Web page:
If you're building a Schwinn Jaguar you have to do something to keep the chain adjusted. The Jag has no provisions for moving the rear wheel back. The dropout is just that, a dropout without a slot. I've always hated the looks of the kit supplied tensioner bracket. It's an eyesore and I didn't want one on the Jaguar so I fabricated the one pictured below. I made it from 1" by 1/4" flat stock, machined a slot in it and tig welded it to the seat and chain stays. I found matching paint at the hobby shop, Tamiya #TS-53, model car paint, and repainted the welds after smoothing with some body filler. I use skateboard wheels for pulleys. This set up assures that there will be no movement of the pully and should provide a troublefree way to keep the chain adjusted. I've only needed to tighten the chain on my old bike once in 700 miles but even so it's a good feature to have available.
I like it Tom! Not only will it be bullitt proof it will also add some strength to the back of the Jaguar. I hate the looks of the kit tensioner so I always machine my own out of aluminum and split them so they are the exact dia. of the chain stay. I think I will use your idea on my next bike!

John
 

2door

Moderator
Staff member
Sep 15, 2008
16,332
137
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Littleton, Colorado
I like your bracket for your chain tensioner ought to be bullet proof.
My biggest problem is finding paint to match the bike if I weld on it. If I can find the right color paint the 2 bikes that I mounted the front engine bolt through the frame will get a tube reinforcement welded in when I can find the proper color even with the drilled frame I have not had any problems.
Norman
Norm,
Dupli-Color automotive touch up paint has a vast variety of colors to choose from as well as the hobby shop and model car paints. I used the Tamiya paint on the Jag. It is a very close match but a little purple in the sun. Today I found a Dupli-Color paint for Fords. The color code is DSFM-340. It is a perfect match. I don't know what colors you're trying to match but I'd bet you'll find something close enough in the Dupli-Color offerings. If you find a paint that is very close you might want to try painting an area as opposed to doing just a weld. I sprayed the seat and chain stays and over misted the spray so it blended and there wasn't a hard line between the original paint and mine.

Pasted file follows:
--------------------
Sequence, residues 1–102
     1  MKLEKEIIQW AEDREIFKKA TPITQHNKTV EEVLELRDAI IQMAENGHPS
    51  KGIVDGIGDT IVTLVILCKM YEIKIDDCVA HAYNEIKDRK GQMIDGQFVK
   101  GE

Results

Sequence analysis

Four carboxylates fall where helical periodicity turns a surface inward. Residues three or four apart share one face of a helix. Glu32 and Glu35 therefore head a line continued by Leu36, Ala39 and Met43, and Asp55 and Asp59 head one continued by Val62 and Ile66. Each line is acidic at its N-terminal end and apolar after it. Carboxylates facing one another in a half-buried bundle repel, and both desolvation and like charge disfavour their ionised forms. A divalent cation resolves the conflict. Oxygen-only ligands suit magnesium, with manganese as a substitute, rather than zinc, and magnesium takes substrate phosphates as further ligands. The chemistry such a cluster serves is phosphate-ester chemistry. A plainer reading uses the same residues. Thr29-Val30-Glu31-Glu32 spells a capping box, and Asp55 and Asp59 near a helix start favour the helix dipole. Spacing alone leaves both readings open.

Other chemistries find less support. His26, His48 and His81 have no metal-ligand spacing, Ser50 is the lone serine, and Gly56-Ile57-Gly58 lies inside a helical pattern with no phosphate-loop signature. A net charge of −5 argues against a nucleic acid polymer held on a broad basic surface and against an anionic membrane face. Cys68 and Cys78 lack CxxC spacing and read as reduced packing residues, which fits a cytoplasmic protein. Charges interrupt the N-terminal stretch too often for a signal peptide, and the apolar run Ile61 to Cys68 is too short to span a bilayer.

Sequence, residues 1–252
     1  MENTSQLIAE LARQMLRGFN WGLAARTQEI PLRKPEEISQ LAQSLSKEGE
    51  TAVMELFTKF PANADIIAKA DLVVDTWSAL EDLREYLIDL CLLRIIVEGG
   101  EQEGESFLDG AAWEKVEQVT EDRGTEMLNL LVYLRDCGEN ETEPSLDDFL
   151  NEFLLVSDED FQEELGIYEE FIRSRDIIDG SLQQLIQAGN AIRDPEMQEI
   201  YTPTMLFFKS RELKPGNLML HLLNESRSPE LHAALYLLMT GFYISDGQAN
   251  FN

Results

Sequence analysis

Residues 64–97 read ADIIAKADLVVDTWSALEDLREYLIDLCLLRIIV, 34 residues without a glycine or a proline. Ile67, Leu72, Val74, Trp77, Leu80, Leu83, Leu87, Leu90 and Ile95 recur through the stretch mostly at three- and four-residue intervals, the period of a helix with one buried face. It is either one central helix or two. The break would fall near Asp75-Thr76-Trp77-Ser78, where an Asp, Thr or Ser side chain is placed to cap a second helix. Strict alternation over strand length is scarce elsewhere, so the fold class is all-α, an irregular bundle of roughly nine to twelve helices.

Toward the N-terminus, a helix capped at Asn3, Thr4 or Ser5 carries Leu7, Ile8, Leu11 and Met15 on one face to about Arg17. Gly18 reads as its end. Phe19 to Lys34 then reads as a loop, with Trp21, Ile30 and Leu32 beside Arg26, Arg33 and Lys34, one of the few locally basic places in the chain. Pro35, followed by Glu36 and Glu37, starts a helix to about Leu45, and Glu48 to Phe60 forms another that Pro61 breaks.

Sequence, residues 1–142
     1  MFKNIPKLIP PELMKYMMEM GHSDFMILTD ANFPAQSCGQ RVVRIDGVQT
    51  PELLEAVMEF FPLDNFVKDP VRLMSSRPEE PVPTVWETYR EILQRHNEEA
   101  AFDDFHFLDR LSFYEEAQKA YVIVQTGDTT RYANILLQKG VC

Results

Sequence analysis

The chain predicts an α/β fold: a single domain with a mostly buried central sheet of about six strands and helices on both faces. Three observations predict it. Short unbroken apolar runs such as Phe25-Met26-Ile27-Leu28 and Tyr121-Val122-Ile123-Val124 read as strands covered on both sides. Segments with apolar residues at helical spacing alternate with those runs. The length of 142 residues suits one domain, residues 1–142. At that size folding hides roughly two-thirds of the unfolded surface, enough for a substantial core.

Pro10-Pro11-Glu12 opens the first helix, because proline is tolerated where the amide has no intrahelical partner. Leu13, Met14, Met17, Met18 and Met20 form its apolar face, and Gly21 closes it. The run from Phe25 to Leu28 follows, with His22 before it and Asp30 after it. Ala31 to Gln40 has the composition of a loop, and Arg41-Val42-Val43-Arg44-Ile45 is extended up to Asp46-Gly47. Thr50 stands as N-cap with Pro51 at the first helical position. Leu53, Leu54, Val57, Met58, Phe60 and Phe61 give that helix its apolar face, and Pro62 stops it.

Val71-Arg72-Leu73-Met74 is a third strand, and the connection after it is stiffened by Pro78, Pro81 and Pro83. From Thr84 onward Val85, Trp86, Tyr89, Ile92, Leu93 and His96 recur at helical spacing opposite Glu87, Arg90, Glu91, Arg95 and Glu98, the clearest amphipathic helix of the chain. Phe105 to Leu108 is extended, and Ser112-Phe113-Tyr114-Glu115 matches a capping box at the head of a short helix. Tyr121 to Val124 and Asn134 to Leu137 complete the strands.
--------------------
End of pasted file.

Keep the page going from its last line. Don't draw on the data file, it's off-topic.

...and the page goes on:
Tom
 

thraex

New Member
Jul 14, 2010
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Nashville, TENNESSEE TN
I bought my bike used. The previous owner kept having his tensioner slide towards the inside and ripping out half the spokes. He did that twice before selling the bike.

I bought the #41 chain from TS and after spending 2 days trying to rig a tensioner, I decided against it. It is quite tight now and has plenty of room for stretching after a while.
 

ferball

New Member
Apr 8, 2010
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NH
My Engine and rear sprocket are not perfectly aligned (shocking I know) and the tensioner helps keep every thing in place. Someday I will take it all apart and line it all up, someday....
 

Venice Motor Bikes

Custom Builder / Dealer/Los Angeles
Mar 20, 2008
6,622
433
83
Los Angeles, CA.
I've designed a 'tensioner-less' chain tensioning system for HT bikes!
It allows you to get both chains a perfect tension, & also allows you to adjust the drive chain as it stretches over time. (all without a roller tensioner.) ;)

I'll post a new thread as soon as I get some good pics.